enabling the user of the second computing device to create a new musical composition; and
enabling the second computing device to communicate a user musical composition to another computing device.
35. A method as recited by claim 34, wherein the user musical composition comprises one of the musical composition, the user manipulated musical composition, and the new musical composition.
36. A method as recited by claim 34, wherein the software code is operable in connection with the processor of the second computing device for enabling the second computing device to communicate the user musical composition to the another computing device via e-mail.
37. A method as recited by claim 34, wherein the musical composition comprises a musical track, and wherein the software code is further operable in connection with the processor of the second computing device for enabling the user to change a parameter of the musical track.
38. A method as recited by claim 34, wherein the musical composition comprises a plurality of musical tracks and wherein the software code is further operable in connection with the processor of the second computing device for enabling the user to change a parameter of each of the plurality of musical tracks.
39. A method as recited by claim 37, wherein the musical composition further comprises an identifier for a musical sample.
40. A method as recited by claim 38, wherein the musical composition further comprises a plurality of identifiers for each of the plurality of musical samples.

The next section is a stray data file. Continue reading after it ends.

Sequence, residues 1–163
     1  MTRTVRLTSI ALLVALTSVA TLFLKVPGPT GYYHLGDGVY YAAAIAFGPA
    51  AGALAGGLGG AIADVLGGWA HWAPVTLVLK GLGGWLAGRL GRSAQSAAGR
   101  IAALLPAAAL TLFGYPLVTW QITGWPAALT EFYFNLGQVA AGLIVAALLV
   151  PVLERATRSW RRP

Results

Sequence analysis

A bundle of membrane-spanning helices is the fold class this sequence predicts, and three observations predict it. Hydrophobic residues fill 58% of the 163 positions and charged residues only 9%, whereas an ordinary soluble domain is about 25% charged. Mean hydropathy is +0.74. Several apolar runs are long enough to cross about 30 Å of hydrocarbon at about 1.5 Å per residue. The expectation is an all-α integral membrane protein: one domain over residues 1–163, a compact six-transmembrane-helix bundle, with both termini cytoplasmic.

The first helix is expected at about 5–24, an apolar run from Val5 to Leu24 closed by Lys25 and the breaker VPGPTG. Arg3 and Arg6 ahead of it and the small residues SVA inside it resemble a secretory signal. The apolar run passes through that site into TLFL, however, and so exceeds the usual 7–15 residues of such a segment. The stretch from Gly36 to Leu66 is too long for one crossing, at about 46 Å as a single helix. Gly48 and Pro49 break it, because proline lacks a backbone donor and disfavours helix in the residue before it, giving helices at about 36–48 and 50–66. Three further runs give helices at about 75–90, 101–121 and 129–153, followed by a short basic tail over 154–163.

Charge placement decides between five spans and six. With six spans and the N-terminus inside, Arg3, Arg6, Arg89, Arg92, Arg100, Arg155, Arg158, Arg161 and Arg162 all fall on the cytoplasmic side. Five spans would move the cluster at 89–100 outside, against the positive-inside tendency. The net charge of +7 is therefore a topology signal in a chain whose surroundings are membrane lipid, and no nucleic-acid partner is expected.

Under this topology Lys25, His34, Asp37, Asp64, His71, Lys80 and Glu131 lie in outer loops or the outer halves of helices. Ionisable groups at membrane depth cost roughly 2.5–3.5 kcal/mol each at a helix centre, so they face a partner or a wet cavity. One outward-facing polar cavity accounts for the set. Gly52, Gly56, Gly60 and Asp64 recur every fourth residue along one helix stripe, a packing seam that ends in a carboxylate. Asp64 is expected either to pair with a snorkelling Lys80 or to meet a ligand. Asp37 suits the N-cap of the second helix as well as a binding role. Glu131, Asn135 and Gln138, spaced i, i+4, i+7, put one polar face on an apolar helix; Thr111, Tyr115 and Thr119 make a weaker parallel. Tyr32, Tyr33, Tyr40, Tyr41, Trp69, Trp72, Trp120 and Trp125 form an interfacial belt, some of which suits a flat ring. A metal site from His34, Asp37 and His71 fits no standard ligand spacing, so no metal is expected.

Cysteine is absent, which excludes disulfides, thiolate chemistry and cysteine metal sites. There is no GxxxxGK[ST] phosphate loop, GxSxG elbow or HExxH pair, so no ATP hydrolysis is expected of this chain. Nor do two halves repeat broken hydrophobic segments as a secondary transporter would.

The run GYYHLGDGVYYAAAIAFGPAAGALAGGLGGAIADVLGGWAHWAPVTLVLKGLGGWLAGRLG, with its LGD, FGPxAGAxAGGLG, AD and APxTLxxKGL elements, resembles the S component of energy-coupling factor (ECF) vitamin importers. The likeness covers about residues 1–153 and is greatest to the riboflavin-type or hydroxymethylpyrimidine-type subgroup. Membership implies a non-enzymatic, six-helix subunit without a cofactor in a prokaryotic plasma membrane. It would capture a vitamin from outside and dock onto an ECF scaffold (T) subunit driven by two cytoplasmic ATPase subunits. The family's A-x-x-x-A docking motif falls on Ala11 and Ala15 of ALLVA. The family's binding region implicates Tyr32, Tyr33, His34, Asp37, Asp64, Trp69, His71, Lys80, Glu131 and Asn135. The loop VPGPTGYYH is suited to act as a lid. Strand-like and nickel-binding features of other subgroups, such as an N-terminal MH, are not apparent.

41. A method as recited by claim 34, wherein the musical composition comprises a plurality of musical tracks, each of the plurality of musical tracks comprising an identifier for a musical sample, and wherein the software code is further operable in connection with the processor of the second computing device for enabling the user to manipulate the musical composition by one of changing a parameter of each of the plurality of musical tracks and changing a musical sample of each of the plurality of musical tracks.
42. A method as recited by claim 39, wherein the identifier is a network location of the musical sample.
43. A method as recited by claim 40, wherein each of the plurality of identifiers is a network location of each of the plurality of musical samples.
44. A method as recited by claim 34, wherein the software code is an applet.
45. A method as recited by claim 44, wherein the applet is operable in connection with one of a Shockwave plug-in and a Flash plug-in.
46. A method as recited by claim 34, wherein the software code is further operable in connection with the processor of the second computing device for enabling the second computing device to communicate a copy of the software code and a user musical composition to the another computing device via e-mail.
47. A method of adding sound to a text message created by a first user having a first computing device with text messaging software installed thereon and operable in connection therewith, the text message being intended by the first user to be communicated to a recipient having a second computing device with text messaging software installed thereon and operable in connection therewith, said method comprising the step of communicating software code to the first computing device for operation in connection with the text messaging software, the software code enabling the first user to select a sound to be added to the text message by adding an identifier to the text message identifying the sound selected by the first user, wherein when the recipient receives and opens the text message, the identifier causes the second computing to playback the sound added by the first user.
48. A method as recited by claim 47, wherein the software application communicated to the second computing device is a Flash plug-in.